Siri Nelson, the new Executive Director of the National Whistleblower Center (NWC), is excited about the future and proud of her past work. As a whistleblower attorney at top whistleblower law firm Kohn, Kohn, & Colapinto (KKC), Nelson discovered her passion for defending and advocating for whistleblowers, as well as promoting whistleblowing in the U.S. and abroad. In a recent interview with WNN, Nelson describes her journey towards becoming first a whistleblower attorney, and then the Executive Director of NWC, the largest non-profit organization in the the world solely dedicated to whistleblower protection. She also discussed her goals for National Whistleblower Day (NWD), an annual event featuring numerous high-profile whistleblower advocates promoting whistleblowing as a solution to combating corruption around the world.
Nelson began her career at Northeastern University, specializing in the field of digital privacy. During an internship at the University, she was surprised to discover how connected whistleblowers were to the essential task of protecting the privacy of citizens. While working as a Internet Public Interest Opportunities Clerk at the Electronic Privacy Information Center (EPIC), Nelson noticed that the predominant opinion among her colleagues was that whistleblowers were not disruptive troublemakers but instead essential heroes who put their lives and careers on the line to further the public interest. Seeing this different attitude towards whistleblowers “helped me understand the connection between whistleblowers and protecting our civil liberties.”
Inspired by this experience, Nelson took whistleblower attorney Stephen M. Kohn’s Whistleblower Law Seminar at Northeastern, a course which Nelson now teaches. It was during this seminar that she discovered the possibility of becoming a whistleblower attorney as a career path, and decided to dedicate herself to the work. For her hard work and excellence, she was asked to become the Estelle Kohn Fellow at KKC, an extremely prestigious honor.
During her time as a Fellow, she worked closely with the Securities and Exchange Commission (SEC) helping guide Commissioners away from approving amendments that might have been disastrous for whistleblowers, had they passed in 2019. People at both the law firm and the SEC took notice of her hard work and her dedication to the cause. While working to become policy counsel at KKC, she received an exemplary recommendation from a prestigious source. “[A]fter a high level regulator commended my efforts on a call with Steve and I, the deal was pretty much set in stone.”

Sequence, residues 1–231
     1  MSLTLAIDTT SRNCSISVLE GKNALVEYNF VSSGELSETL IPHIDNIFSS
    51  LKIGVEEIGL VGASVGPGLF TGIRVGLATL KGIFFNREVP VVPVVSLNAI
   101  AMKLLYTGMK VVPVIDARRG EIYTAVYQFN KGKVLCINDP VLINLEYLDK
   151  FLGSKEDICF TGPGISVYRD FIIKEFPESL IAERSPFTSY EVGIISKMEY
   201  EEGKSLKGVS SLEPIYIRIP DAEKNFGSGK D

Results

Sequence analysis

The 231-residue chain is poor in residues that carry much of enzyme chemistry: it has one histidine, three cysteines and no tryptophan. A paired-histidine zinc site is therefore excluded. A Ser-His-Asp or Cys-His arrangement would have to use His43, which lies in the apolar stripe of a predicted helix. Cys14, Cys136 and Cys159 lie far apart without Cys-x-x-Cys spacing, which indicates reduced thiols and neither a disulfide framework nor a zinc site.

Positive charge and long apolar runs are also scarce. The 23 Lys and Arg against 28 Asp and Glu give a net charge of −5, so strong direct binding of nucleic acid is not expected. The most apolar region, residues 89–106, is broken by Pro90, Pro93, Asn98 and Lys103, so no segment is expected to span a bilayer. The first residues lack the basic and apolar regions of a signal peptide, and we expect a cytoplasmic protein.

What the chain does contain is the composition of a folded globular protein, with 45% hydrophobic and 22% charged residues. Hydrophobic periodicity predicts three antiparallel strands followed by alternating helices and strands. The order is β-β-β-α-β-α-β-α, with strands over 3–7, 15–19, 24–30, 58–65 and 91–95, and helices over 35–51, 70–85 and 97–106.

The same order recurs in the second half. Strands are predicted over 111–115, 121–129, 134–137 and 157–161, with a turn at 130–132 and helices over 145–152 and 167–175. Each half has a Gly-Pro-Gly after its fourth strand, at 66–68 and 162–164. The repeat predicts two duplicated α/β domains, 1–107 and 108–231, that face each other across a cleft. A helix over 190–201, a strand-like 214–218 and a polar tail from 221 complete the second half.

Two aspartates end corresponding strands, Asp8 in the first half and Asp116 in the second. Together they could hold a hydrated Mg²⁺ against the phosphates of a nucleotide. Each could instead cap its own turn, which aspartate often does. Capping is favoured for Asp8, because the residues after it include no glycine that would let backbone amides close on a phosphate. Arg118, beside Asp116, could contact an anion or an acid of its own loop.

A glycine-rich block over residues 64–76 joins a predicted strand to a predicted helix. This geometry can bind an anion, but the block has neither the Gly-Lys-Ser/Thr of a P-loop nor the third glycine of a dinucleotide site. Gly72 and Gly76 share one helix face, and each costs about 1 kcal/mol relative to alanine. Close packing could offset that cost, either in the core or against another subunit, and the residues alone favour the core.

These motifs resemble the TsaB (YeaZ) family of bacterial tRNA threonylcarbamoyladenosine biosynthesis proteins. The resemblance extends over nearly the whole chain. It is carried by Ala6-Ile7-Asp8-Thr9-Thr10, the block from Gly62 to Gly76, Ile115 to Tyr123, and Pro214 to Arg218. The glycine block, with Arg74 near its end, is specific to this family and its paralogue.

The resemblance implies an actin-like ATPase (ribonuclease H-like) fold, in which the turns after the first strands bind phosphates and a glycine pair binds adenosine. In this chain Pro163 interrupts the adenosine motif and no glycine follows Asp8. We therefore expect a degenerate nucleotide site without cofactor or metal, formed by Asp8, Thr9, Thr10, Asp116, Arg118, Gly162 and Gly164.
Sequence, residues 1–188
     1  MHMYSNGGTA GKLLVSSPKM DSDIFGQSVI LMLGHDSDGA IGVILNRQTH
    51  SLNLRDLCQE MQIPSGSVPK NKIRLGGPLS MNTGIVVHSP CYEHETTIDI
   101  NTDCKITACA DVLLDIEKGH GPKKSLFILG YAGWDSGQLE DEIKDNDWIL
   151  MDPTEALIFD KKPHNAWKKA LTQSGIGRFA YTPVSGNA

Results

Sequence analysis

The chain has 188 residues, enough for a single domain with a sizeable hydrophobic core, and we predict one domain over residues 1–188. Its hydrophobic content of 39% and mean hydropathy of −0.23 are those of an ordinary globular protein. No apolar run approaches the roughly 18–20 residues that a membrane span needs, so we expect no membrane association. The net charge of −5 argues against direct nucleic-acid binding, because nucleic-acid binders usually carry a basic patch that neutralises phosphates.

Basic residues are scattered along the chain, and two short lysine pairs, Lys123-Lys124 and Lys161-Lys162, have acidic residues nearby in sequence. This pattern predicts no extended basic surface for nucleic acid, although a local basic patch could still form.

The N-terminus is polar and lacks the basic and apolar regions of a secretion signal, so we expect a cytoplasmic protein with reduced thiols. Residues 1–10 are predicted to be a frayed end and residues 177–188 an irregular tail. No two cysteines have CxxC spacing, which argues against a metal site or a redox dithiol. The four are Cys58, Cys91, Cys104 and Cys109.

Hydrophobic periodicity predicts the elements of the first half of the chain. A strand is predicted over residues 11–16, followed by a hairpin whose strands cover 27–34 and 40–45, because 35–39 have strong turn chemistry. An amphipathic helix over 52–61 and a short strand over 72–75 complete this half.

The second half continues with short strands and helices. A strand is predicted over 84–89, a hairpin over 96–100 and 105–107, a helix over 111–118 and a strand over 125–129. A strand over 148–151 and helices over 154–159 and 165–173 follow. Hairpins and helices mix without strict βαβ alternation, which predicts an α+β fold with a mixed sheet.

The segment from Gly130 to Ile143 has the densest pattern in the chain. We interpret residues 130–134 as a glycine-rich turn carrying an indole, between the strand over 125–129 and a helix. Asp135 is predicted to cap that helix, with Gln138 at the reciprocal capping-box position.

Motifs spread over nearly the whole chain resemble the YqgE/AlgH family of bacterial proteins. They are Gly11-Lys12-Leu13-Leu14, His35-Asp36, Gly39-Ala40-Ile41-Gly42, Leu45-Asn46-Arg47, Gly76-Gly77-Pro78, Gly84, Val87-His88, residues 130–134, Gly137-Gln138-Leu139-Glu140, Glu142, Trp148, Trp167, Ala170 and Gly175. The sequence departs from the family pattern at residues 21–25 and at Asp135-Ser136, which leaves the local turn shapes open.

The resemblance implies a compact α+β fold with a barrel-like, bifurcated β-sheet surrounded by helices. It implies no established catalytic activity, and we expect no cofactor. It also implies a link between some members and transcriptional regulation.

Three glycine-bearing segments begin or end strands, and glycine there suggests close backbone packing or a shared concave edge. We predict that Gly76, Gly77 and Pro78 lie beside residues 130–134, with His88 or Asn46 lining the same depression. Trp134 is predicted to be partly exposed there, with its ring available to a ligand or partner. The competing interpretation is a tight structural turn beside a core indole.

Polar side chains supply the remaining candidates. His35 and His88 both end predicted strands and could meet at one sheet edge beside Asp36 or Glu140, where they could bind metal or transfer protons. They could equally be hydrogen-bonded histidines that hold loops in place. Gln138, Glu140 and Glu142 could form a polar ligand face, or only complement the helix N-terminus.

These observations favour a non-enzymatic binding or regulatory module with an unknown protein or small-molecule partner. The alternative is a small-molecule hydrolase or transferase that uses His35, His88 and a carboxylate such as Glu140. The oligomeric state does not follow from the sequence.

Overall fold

When the position of NWC Executive Director opened up, she set her sights again. “I could not think of a more impactful role to play for someone who wants to fight for whistleblower’s rights,” Nelson said, “so I put my all into the application process and was selected. It is such a huge honor!”
With NWD set for July 30, Nelson is wasting no time in planning a celebration that will go above and beyond already high expectations. Speaking of National Whistleblower Day 2020, Nelson stated:
“Last year, National Whistleblower Day meant normalcy in chaos. The shutdowns began in the early stages of our planning and it was the first time the day would be offered digitally. It was magical how well the teams at KKC and NWC were able to get programming together. So, for me, NWD means teamwork. And, it also means a sense of belonging. I have worked on a lot of purpose driven initiatives in the past, but for the first time I felt like I was working on something that could have a lasting impact and truly spoke to a diverse audience. I also see NWD as an opportunity for education. That is how I first interacted with it, as an attendee who wanted to know more. This year we have an incredible program, so it will be truly informative, and I hope one day soon we can say that NWD is a permanent holiday. Whistleblowers deserve it.”